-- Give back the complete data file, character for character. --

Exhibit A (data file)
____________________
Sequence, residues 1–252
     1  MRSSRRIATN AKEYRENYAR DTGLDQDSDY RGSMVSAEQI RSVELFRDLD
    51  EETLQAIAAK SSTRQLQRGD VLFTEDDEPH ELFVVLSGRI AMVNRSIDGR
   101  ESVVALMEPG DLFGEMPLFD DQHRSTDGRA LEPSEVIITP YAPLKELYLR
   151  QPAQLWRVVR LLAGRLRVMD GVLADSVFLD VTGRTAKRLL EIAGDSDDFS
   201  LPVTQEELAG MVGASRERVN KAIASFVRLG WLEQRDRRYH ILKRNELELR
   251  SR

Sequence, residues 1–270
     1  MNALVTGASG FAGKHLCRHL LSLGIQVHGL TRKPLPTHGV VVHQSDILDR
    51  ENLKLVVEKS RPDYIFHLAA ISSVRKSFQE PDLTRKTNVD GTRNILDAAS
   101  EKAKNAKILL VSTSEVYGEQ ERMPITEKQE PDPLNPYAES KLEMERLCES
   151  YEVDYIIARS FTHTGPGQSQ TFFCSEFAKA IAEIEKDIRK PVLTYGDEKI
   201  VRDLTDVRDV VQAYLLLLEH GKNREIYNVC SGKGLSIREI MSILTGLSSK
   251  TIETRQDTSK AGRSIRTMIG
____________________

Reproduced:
Sequence, residues 1–252
     1  MRSSRRIATN AKEYRENYAR DTGLDQDSDY RGSMVSAEQI RSVELFRDLD
    51  EETLQAIAAK SSTRQLQRGD VLFTEDDEPH ELFVVLSGRI AMVNRSIDGR
   101  ESVVALMEPG DLFGEMPLFD DQHRSTDGRA LEPSEVIITP YAPLKELYLR
   151  QPAQLWRVVR LLAGRLRVMD GVLADSVFLD VTGRTAKRLL EIAGDSDDFS
   201  LPVTQEELAG MVGASRERVN KAIASFVRLG WLEQRDRRYH ILKRNELELR
   251  SR

Sequence, residues 1–270
     1  MNALVTGASG FAGKHLCRHL LSLGIQVHGL TRKPLPTHGV VVHQSDILDR
    51  ENLKLVVEKS RPDYIFHLAA ISSVRKSFQE PDLTRKTNVD GTRNILDAAS
   101  EKAKNAKILL VSTSEVYGEQ ERMPITEKQE PDPLNPYAES KLEMERLCES
   151  YEVDYIIARS FTHTGPGQSQ TFFCSEFAKA IAEIEKDIRK PVLTYGDEKI
   201  VRDLTDVRDV VQAYLLLLEH GKNREIYNVC SGKGLSIREI MSILTGLSSK
   251  TIETRQDTSK AGRSIRTMIG